The principle of displacement level measurement is based on Archimedes Principle. Displacement instruments determine liquid level by sensing the buoyant force exerted on a displacer by the liquid it displaces. Unlike floats, in float‐type level instruments, the displacer moves very little relative to the rising or falling liquid.
Interface liquid–liquid level calculation example
The apparent Force (Fa) = Buoyancy weight (F) – Archimedes force (Pa) …See Below Figure
The apparent mass is Fa/g = Ma = m – ρ1 x S x H – S x hinterface x [ ρ2 – ρ1 ] (Equation )
The range is:
- At hinterface = 0 then Ma = m – ρ1 x S x H
- At hinterface = H then Ma = m – ρ2 x S x H
Figure – Displacement Measurement
ρ1 : Liquid1 Density (kg/m3)
ρ2 : Liquid2 Density (kg/m3)
hinterface : Interface Level between the Liquid 1 and Liquid 2 (m)
g: 9.81 (m/s²)
S: Displacer section (m²)
H: Displacer length (m)
Interface measurement requires its own connection into the upper and the lower phase. Equation  is applicable if there is only one variable. For an interface level measurement, there should be an interface. Equation  can be used to measure the density of one fluid. In this case, the displacer is fully immersed in the fluid.
The level reading from the displacer can be incorrect if the temperature and/or density of the liquid in the vessel is different from that of the liquid in the external cage.
Unreliable measurements are due to dirty, foaming, fouling service as well as turbulent fluid or presence of solid particles in the fluid (e.g. sand).
Vibration (e.g. false alarm) and corrosion affect the level measurement.
Displacers can measure only the range of the displacer length. If the level rises above the top of the displacer, the displacer cannot measure the level.
Displacement transmitters can have higher maintenance needs. Many faults are due to encrustation, freezing of the torque tube, displacer hanger broken or detached, failure of electronic detector angular motion, displacer stuck, and displacer mass change due to corrosion.
Additional features may be required to eliminate turbulent liquid effects on the displacer.
Displacement transmitters can be much more difficult to calibrate, particularly if used for interface measurement.
Removal of the displacer from a vessel may require special rigging.
Displacers are available in a few standard lengths, e.g. 0.36 m to 0.81 m lengths being most common.
Displacement transmitters can be used in a wide range of temperatures and pressures.
Displacement transmitters should be suitable for interface level measurement if specific gravities differ significantly and the change in specific gravity due to composition or temperature cannot affect the reading. It is admitted that the difference between specific gravities is greater than 0.1 (if the gravity difference of 0.1 is used, the impact on the accuracy needs to be assessed).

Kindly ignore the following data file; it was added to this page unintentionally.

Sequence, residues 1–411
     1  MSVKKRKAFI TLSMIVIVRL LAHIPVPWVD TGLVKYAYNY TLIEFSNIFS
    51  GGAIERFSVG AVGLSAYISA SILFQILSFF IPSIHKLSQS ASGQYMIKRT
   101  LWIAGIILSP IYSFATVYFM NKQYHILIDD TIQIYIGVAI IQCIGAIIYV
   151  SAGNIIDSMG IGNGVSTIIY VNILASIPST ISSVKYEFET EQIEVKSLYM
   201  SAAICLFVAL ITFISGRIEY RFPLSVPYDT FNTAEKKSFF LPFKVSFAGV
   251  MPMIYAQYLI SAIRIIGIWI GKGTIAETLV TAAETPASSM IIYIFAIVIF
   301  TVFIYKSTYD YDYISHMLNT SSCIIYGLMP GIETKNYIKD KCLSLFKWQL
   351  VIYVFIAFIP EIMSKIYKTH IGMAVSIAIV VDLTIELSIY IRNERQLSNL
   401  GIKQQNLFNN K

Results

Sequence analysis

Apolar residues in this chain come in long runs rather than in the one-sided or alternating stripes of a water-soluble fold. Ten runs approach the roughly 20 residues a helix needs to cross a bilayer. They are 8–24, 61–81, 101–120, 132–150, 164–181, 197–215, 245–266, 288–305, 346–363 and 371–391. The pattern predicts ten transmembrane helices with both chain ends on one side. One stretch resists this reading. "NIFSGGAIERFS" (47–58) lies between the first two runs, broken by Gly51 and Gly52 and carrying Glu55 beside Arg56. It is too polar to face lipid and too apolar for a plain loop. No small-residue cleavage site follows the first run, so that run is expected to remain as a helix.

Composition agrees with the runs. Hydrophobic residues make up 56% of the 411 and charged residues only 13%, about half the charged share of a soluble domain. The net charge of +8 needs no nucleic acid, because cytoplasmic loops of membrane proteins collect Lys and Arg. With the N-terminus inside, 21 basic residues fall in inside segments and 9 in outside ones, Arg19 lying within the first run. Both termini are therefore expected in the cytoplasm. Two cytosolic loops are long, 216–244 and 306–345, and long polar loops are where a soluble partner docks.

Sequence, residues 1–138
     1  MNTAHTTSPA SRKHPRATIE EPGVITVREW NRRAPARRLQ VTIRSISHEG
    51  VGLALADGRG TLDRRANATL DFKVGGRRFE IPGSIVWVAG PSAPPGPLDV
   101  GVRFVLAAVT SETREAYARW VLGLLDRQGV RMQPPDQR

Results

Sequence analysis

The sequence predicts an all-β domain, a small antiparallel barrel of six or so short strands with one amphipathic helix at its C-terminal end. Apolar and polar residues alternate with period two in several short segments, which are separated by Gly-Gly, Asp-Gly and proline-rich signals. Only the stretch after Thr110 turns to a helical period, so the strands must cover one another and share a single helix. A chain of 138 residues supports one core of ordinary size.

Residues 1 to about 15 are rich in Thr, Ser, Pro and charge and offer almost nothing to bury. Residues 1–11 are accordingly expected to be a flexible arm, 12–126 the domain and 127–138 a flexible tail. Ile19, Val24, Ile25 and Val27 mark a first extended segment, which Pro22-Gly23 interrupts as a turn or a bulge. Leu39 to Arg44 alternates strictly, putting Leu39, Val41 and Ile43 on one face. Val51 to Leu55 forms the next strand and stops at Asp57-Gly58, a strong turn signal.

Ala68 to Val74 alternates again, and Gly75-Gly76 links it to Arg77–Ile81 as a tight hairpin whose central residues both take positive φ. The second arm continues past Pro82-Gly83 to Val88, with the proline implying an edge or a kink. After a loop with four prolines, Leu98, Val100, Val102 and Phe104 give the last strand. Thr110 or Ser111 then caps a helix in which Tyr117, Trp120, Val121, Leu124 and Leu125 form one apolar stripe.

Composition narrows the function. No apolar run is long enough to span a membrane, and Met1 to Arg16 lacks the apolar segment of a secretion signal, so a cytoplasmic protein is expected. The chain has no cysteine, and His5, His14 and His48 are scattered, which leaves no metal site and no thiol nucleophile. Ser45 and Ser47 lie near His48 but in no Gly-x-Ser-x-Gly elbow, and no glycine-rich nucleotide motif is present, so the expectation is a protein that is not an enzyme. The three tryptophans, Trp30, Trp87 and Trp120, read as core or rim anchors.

Displacement type level instruments should not be used in severely turbulent, dirty, foaming, fouling service or in case of presence of solid particles in the fluid (e.g. sand). These conditions lead to unreliable measurements from displacement level instruments.
Displacement type level instruments should not be used for liquid‐liquid interfaces where there is potential emulsion forming.
Displacement type level instruments should not be used in liquid‐liquid or liquid–gaseous services where either the upper or lower fluid specific gravity is not relatively constant.
Displacement transmitters can be use also for density measurement if the displacer is permanently and fully immersed in a single fluid.
Displacers should be made of stainless steel or other material compatible with the process fluid.
Displacer should have the height according to the level range for the application.
The preferred installation for displacers should be a cage/chamber and installed externally to the vessel. Block, drain and vent valves should be installed to fill and empty the chamber to carry out maintenance activities.
Vessel nozzles should be located with respect to measuring interface level.
Instrument connections directly at the bottom of the vessel should be avoided.
Calibration and configuration
Calibration should be performed at Product Manufacturer premises and verified prior to the commissioning activities.
Calibration may be performed in situ or on a bench calibration with weights. Bench calibration with weights should be performed using the apparent mass.
In situ calibration should be performed using a level gauge or sight glass if fitted. Otherwise, a clear flexible external tube could be used.
Below Figure describes a typical arrangement which should be used to calibrate chamber mounted instruments in-situ.
Figure – Displacement in-situ calibration
Source : International Association of Oil & Gas Producers
Acknowledgements : IOGP Instrumentation and Automaton Standards Subcommittee (IASSC), BG Group, BP, Endress + Hauser, Emerson, Honeywell, Krohne, Petrobras, PETRONAS Carigali Sdn Bhd, Repsol, Siemens, Statoil, Total, Vega, Yokogawa.